June 14, 2018

The Attack on American Cities

Richard C. Schragger Perre Bowen Professor of Law and Joseph C. Carter, Jr. Research Professor of Law, University of Virginia School of Law


Recently, the Tennessee legislature voted to punish the city of Memphis for removing two Confederate statues by striking a $250,000 state appropriation that was to be used for the city’s bicentennial celebration. The mayor and city council, representing the will of the majority-black city, had previously agreed to sell the two city parks in which the monuments stood to avoid a state law preventing the city itself from removing the statues. The new private owner was under no such restriction. Unhappy with Memphis’s legal end-run around state law, the Republican-dominated legislature expressed its displeasure by cutting off funds.

Legislative retaliation against progressive cities is an emerging theme across the United States. Donald Trump has threatened to cut-off federal aid to “sanctuary cities”—those cities that have refused to comply with federal immigration mandates or have resisted cooperating with federal immigration authorities. The Texas legislature has adopted similar legislation that bars local officials from adopting sanctuary policies on pain of criminal and civil penalties and potential removal from office. Other states have simply overridden progressive local laws, preventing cities from mandating local minimum wages, regulating paid sick days, adopting gun regulations, passing LGBT anti-discrimination ordinances, or operating municipal broadband networks. The last half-decade has witnessed an explosion of preemptive state legislation seeking to “rein-in” wayward (often progressive-leaning) cities.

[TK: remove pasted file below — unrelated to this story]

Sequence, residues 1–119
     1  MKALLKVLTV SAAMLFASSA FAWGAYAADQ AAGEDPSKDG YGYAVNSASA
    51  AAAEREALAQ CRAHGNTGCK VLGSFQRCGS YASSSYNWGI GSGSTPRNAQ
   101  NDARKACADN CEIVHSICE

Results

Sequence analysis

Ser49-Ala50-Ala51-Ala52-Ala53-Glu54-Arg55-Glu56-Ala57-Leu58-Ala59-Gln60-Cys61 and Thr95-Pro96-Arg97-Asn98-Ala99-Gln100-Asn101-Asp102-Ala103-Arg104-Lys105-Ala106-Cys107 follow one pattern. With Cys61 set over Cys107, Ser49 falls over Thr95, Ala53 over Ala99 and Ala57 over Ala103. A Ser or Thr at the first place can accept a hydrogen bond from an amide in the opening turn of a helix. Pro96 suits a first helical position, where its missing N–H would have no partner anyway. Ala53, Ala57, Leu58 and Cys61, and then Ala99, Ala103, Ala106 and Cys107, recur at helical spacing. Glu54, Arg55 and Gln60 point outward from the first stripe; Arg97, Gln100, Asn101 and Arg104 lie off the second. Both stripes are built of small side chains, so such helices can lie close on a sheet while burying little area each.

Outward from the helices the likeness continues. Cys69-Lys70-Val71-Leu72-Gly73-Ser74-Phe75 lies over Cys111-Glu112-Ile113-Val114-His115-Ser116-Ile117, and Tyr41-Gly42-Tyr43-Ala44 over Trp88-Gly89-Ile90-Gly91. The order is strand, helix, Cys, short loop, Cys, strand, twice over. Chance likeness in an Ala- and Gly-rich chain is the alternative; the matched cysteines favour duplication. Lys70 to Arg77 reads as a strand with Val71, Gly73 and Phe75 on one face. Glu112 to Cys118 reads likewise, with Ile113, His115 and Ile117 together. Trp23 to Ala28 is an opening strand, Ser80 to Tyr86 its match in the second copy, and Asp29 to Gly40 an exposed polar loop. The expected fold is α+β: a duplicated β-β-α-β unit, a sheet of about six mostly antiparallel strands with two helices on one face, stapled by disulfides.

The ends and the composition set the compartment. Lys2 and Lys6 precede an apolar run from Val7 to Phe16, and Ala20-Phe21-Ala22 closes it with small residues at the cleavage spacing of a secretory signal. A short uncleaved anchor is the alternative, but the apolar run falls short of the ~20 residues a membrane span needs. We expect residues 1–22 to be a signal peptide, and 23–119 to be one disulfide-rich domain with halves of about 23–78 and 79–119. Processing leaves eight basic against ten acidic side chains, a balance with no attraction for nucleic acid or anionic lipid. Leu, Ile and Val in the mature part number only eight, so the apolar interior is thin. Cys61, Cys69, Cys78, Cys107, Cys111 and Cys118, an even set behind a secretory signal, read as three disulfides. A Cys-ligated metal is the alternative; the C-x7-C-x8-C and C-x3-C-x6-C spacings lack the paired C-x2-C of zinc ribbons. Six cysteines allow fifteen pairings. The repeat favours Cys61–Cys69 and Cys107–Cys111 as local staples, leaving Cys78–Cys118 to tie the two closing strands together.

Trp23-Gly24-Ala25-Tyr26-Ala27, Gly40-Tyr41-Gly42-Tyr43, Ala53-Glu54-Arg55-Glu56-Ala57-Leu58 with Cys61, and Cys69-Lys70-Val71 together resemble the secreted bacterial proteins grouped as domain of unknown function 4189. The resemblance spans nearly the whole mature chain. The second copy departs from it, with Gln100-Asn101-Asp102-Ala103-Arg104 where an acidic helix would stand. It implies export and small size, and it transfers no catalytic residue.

There are three reasons why American cities are so politically vulnerable. The first is U.S.-style state-based federalism, which is institutionally biased against robust city autonomy. In a federal system, state governments tend to take up the policy space that would otherwise be occupied by local governments. Though states often grant broad powers to their local governments, state legislatures can normally override most local laws at will. And those overrides are often selective. Cities are generally responsible for the basic health, safety, and welfare needs of the populace, and the formal separation of functions between local, state, and federal governments means that state and federal officials can deflect responsibility for general conditions but take credit for narrow interventions.

The second reason for the weakness of American cities is political gerrymandering, which has exacerbated the political distance between city and non-city dwellers. Geographical sorting by political affiliation is increasing, with large numbers of progressive voters located in ever more compact urban areas while conservative voters are spread more evenly throughout suburban and rural districts. This makes it relatively easy for electoral maps to isolate Democratic districts, where Democrats “waste” significant votes. A consequence is that one of the two major political parties can almost entirely ignore a state’s urban constituents. At least when it comes to the House of Representatives and state legislatures, Republicans can govern comfortably without the cities, relying almost exclusively on non-city voters.